Philip Davys; 31 August, 1652

Examination on the Interrogatories of David Kirke, in Baltimore vs. D. Kirke.

Maryland Historical Society, Calvert Papers, 174/200.
Published in Louis D. Scisco, "Testimony Taken at Newfoundland in 1652", Canadian Historical Review 9 (1928) 239-251, see 248-249. Revised by P.E. Pope.

The answer of Philip Davies, inhabitant in Ferryland, to exam- ination upon the Interrogatories ministered on the part and behalf of Sir David Kirke, Tuesday the one and thirtieth of August, 1652.

1 To the first [re the personal bias of the witness], she answers that she came here to be examined by order of the Commissioners and hath no share nor interest in either nor doth she think to get any benefit by either of them and therefore cares not which of them do prevail. She knows Sir David Kirke a little too well and wisheth she had not known him. As for the Lord of Baltimore [Sir George Calvert, Lord Baltimore], she know [knows him]; but for the young Lord [Cecil Calvert, Second Lord Baltimore] she never did know. And for recompense she expects none but labour for her pains.

2 To the second [re previous coaching of the witness], she answers that she was never instructed or taught by any one before she came to be examined in this cause. And, as for suits or pretenses [claims], she hath none against Sir David, as is mentioned.

3 To the third [re extent of personal knowledge of the Calvert business], she answers that she was here in them years '38 [1638] and '39 [1639] but did not see the young Lord of Baltimore at that time. Only the Lord of Baltimore had possession in the Land [Newfoundland], by a patent which he had from King James [King James I].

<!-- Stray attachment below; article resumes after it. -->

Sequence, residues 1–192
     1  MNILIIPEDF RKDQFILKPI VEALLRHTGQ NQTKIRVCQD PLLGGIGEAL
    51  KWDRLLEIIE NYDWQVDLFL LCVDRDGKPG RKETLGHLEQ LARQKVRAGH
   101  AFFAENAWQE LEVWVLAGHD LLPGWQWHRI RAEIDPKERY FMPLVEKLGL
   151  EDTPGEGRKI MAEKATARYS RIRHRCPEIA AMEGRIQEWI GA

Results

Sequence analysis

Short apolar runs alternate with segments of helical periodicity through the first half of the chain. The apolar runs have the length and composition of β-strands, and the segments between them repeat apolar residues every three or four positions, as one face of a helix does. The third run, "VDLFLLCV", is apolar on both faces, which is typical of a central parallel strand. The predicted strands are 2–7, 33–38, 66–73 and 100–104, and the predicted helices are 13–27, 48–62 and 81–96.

4 To the fourth [re personal knowledge of the use of Calvert properties], she answers that she was here when Sir David Kirke came over but the Lord of Baltimore was not here then. And she saw some boats that Captain Hill [William Hill] had here but she never saw any boats that the Lord of Baltimore had here.


5 To the fifth [re personal knowledge of Calvert's patent and of receipts from Kirke's imposition], she answers that she saw the patent that the Lord of Baltimore had for to take the Land [Newfoundland] in his possession. And that she never knew but once that ever Sir David Kirke did take imposition, which was the first year, being from the French, in the harbour of Trepassey; which imposition was taken by his brother, Captain Lewis Kirke, [and] John Ballewe, for which Sir David Kirke did command his ships for to go and receive, as above said.

The mark X of Philip Davys